By buying shares of gold companies, you get to effectively own a lot more ounces of gold than by buying bullion. This gives you greater leverage to rises and falls in the gold price. This is part of the reason that the share prices of gold companies, even those that are not producing gold, are so sensitive to the price of gold. When the gold price moves up or down, gold shares usually rise or fall by a much greater percentage.

Even among producers there are big differences in the in-ground cost, because mining costs vary between resources and because companies go in and out of favor for non-fundamental reasons. Here is a graph of in-ground costs for some ASX gold producers in February 2016:
The second example concerns free cash flow, which is how much cash a company generates each year from its gold production, after paying its expenses. This money can be used to expand its operations or to pay dividends to its shareholders. (Free-cash flow is only in the Professional version.)

This graph shows the cost of buying free-cash flow for a bunch of producers in early 2016, just before Millennium Minerals (MOY) went from 5 cents to 24 cents and Resolute Mining (RSG) went from 35 cents to $1.46:
The third example shows some share price rises from December 2015 to July 2016. The gold price started trending upwards for the first time in three years, and the effect on the sector was electric. Notice that the two companies that rose the most were the two with the lowest price per dollar of free cash flow a few months earlier. The market doesn't always contain signals that are this clear, and due care has to be taken because company-specific factors abound, but GoldNerds is useful for spotting these sort of temporary mispricings.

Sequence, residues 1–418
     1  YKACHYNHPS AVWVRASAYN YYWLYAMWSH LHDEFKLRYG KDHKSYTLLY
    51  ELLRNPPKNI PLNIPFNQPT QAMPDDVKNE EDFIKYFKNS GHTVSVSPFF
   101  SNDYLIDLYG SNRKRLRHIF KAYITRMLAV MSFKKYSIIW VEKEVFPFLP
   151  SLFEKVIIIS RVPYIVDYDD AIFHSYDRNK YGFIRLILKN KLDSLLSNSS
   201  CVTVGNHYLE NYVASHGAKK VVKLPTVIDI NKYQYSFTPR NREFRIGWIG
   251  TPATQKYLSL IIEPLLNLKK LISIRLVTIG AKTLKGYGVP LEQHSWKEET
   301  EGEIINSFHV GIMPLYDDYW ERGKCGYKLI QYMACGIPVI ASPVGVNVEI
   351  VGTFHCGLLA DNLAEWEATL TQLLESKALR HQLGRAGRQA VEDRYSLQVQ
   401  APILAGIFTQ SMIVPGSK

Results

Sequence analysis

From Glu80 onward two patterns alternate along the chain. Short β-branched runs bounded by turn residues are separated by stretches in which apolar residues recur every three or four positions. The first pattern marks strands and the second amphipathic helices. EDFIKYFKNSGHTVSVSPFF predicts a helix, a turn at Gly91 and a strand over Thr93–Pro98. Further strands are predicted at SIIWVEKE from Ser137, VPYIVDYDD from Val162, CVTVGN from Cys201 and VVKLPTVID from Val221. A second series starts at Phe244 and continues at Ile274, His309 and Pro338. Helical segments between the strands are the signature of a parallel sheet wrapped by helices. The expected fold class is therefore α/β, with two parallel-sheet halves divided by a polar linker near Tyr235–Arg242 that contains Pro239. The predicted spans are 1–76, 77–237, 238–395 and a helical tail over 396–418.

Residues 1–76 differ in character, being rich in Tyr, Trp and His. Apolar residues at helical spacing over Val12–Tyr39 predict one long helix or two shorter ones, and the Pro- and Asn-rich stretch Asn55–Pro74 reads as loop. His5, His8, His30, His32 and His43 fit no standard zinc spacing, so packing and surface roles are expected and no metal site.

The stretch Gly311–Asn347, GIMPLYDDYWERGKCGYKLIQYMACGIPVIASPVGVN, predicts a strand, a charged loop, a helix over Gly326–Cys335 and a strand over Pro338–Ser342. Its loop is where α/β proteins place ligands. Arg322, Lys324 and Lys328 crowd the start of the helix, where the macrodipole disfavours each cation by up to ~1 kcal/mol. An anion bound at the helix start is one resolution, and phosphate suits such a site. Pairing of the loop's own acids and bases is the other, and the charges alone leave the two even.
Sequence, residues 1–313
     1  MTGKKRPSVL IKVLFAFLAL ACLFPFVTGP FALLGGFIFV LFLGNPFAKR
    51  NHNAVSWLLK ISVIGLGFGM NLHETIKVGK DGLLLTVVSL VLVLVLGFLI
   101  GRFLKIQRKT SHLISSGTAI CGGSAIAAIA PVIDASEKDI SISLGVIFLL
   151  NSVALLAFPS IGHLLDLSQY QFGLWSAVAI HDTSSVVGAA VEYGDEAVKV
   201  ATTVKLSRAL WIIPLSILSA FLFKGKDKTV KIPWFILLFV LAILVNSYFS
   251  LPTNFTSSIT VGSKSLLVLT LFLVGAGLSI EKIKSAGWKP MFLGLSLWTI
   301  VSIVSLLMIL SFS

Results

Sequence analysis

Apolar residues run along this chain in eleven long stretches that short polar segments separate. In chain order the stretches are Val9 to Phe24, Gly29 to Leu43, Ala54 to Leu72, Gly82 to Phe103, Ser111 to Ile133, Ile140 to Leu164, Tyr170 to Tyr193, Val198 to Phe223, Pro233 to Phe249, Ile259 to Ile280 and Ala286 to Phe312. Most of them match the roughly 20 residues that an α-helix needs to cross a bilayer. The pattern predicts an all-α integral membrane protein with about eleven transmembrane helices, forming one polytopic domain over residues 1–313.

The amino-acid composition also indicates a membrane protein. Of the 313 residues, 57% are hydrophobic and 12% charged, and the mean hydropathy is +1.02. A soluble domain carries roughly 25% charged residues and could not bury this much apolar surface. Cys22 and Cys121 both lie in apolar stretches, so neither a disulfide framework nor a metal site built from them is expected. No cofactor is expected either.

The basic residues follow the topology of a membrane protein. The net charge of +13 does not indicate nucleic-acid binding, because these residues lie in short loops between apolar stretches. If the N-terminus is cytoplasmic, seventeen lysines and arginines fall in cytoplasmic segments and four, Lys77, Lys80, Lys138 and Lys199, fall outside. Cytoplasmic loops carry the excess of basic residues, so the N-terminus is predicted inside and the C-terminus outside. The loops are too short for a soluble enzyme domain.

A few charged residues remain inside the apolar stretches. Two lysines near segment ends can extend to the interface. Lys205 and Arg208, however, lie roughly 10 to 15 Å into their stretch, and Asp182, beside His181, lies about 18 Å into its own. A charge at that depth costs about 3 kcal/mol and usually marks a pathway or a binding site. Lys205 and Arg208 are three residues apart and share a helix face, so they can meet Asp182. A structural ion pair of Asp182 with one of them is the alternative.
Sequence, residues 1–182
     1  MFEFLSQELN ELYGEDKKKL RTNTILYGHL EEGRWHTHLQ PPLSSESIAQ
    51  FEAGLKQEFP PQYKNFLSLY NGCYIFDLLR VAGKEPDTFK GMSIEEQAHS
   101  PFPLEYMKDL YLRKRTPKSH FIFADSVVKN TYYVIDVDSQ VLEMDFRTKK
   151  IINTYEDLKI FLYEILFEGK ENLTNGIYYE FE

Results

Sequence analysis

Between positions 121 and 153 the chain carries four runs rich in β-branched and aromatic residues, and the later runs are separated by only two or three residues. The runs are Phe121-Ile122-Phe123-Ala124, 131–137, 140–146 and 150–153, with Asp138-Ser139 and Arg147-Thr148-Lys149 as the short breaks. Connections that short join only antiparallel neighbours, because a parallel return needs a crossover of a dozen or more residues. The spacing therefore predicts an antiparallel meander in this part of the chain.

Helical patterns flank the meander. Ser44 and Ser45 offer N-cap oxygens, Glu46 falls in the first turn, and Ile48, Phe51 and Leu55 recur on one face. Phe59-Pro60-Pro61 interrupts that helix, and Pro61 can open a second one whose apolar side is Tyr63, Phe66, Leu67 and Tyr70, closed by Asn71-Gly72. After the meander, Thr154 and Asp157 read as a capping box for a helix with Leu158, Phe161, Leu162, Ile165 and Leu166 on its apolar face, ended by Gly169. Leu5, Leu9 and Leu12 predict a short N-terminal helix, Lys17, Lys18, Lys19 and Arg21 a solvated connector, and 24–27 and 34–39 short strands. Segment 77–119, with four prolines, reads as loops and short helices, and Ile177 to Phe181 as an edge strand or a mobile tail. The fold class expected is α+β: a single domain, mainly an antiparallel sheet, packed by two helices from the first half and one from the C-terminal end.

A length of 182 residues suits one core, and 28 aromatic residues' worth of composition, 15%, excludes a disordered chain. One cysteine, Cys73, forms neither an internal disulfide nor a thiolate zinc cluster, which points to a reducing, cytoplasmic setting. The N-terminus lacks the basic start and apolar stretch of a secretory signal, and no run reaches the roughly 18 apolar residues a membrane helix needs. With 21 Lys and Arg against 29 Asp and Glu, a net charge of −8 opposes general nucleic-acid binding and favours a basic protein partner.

Spreadsheet Columns

View, sort, filter by, and get help on any column. Some columns hidden by default.

Columns in both the Standard and Professional versions:

  • ASX code

  • Company name

  • Long comment on projects, mining studies, recent exploration results, capital raisings, etc.

  • Historic share price

  • Recent share price

  • Change in share price

  • Number of shares

  • Cash

  • Hedgebook
    (comment includes details and references)

  • Market capitalization (mkt cap)

  • Status
    (producer, developer, or explorer)

  • Minerals

  • Percentage in gold

  • Percentage in silver

  • HQ location

  • Reserves
    (comment includes breakdown by project, grades, references)

  • Resources
    (comment includes breakdown by project, grades, references)

  • Mineable gold

  • Mkt cap per reserve ounce

  • Mkt cap per resource ounce

  • Mkt cap per mineable ounce

  • Current production
    (comment includes amounts and costs for previous quarters)

  • Future production

  • Reserve life